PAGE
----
By Bruce Sayler
Extra free throw shooting might be a bigger part of high school basketball practices when drills begin in Montana next week.
The one-and-one sanction has been taken from the rulebook in a move made last spring by the National Federation of State High School Associations. So, it is likely more two-shot fouls will be in occurrence.
“The purpose (of the change) is to eliminate the one-and-one,” John Kinzle, Montana Officials Associate district delegate for the Butte basketball pool, said Friday moments before he and Sean Ryan were to work a junior high school game at Butte Central High School. “It is to eliminate the rough play on the first shot and to speed the game up.”
The seventh foul charged a team in a half had previously meant the opponent was given the bonus opportunity at the free throw line from then on following common, or non-shooting, fouls. The shooter would receive a second free throw if he or she made the first. Kinzle said players converging from the lanes trying to rebound or screen out a rival on a missed first free throw often caused “rough play” with elbows out and buttocks pushing against competitors.
“Sometimes, there’d be injuries,” the veteran ref said.
The new rule is similar to what was implemented in college women’s basketball a few years ago. There are no more one-shot free throws. Teams will be limited to five fouls per quarter before the bonus opportunity is awarded. The sixth foul will cause the offending team to send the opponent to the line for two shots. The team count will be reset at the start of each quarter.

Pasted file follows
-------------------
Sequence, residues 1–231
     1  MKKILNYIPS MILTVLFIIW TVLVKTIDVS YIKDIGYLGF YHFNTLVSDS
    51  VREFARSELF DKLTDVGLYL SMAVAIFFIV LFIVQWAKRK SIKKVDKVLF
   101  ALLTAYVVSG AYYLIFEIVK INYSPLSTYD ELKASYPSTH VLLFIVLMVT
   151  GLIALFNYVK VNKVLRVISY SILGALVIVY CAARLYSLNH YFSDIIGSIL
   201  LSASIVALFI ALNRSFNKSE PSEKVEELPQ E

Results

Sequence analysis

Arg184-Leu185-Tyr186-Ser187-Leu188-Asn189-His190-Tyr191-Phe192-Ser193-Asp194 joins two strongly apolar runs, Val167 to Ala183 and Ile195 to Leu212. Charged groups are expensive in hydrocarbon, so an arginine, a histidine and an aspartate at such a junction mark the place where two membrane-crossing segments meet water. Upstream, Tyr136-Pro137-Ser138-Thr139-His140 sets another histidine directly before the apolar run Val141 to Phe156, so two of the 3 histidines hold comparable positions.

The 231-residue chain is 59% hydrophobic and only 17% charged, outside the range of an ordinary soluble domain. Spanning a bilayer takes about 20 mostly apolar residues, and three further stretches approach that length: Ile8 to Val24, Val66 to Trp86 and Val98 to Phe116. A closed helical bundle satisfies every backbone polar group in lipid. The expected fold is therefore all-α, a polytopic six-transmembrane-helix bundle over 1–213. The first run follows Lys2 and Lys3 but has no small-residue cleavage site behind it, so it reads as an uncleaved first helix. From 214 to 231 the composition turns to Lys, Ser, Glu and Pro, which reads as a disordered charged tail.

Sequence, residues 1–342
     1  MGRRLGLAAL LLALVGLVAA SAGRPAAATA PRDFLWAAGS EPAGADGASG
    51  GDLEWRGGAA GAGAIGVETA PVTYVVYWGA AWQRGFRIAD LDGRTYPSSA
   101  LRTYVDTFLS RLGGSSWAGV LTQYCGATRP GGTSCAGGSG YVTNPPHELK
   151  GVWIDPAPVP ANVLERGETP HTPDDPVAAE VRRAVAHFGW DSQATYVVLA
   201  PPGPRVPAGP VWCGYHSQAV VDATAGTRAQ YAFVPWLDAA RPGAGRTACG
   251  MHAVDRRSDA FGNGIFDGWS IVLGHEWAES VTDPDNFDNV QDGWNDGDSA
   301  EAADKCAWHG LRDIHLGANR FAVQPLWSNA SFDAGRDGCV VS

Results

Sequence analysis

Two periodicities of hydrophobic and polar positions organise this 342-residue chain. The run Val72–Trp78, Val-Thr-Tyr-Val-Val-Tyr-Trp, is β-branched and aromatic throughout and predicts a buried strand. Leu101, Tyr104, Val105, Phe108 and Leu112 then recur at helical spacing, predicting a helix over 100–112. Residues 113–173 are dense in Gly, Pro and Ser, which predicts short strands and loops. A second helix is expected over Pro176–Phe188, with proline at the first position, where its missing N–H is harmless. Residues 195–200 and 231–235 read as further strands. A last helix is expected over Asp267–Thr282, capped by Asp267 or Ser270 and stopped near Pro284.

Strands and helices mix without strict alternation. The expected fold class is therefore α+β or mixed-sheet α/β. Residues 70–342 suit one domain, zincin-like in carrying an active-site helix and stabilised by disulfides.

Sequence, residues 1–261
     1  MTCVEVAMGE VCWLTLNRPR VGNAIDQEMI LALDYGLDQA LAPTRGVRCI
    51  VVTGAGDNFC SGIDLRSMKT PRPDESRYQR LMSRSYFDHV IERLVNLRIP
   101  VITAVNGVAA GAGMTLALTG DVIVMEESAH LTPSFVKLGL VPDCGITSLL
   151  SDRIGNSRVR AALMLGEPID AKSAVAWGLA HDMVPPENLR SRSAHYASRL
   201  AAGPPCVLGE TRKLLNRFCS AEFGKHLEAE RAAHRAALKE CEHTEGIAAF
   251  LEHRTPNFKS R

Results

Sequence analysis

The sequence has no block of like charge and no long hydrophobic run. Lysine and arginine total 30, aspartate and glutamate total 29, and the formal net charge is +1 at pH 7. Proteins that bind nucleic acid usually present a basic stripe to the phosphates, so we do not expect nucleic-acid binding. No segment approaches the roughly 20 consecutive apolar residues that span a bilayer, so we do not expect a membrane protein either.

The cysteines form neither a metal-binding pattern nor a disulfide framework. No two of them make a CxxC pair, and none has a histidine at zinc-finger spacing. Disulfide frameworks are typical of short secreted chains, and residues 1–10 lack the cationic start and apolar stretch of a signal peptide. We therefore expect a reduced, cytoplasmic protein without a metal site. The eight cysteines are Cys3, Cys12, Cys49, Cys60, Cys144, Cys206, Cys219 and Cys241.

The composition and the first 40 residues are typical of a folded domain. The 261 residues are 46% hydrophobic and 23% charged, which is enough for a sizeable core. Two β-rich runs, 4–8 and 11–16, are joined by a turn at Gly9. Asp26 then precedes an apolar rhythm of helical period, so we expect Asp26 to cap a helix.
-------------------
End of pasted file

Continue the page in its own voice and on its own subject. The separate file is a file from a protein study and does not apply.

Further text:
“Under the old rules, if a team was in the bonus in the third quarter, it was also in it for the fourth quarter and that tended to be a long game,” Kinzle said. “This new rule should speed the game up.”
Kinzle indicated that it is expected trailing teams will foul less in later moments if the penalty is to allocate more free throws to the opponents now that there will be no or lesser tempted gamble on the one-and-one. If a team was behind on the scoreboard in prior years, it seemed automatic that team would commit fouls to cause clock stoppage and hope to rebound a possible missed foul shot.
“The rationale is to give the teams better flows,” Kinzle said. “College women went to this rule recently and everything seems to be fine with it.”
Coaches seem to be taking a wait-and-see approach, but with sprinklings of help and optimism.
Butte Central head boys’ basketball coach Brodie Kelly said he didn’t have an opinion formed.
“I’m pretty indifferent about it,” he said. “I’m actually not sure of the logic behind that rule change. I wish they would change individual fouls to six to foul out.”
Kinzle predicted the change to be an improvement.
“I think it will be a better game for us,” he said. “And, we think it will be better for the kids, too, because they can get into a flow and get rid of so much stop-and-go. Games should be shorter.
“We have to see, but I think it might speed up the ends of games.”
Bryan Arntson reffed basketball before taking the reins of the Butte High girls’ program two seasons ago.
“I actually love (the change),” he told Paul Panisko in a KMBR sports web site article earlier this year. “I’ve been saying for years that they need to change. From both a referee and a coaching standpoint, I think that it allows the kids to adapt to how the game is being reffed and adjust. It also helps with the flow of the game. A lot of games have teams shooting free throws for over a quarter of each half.
“It does change end-of-game scenarios without the one-and-one, but, overall, I think it’s a great change.”
Ryan said he really likes the rule as used in college women’s basketball.
Kinzle said another new rule fans will notice deals with ball inbounds after play stoppage. He said the ball used to be inbounded from a designated zone nearest where the ball left the court. Now, he said, only four spots on each side of the midcourt stripe will be used for re-entry.
The 28-foot mark on each side of the stripe and each side of the floor will be the sites on the side of the court. Spots three feet each side of the free throw lanes at each end will be used for end-of-court inbounding.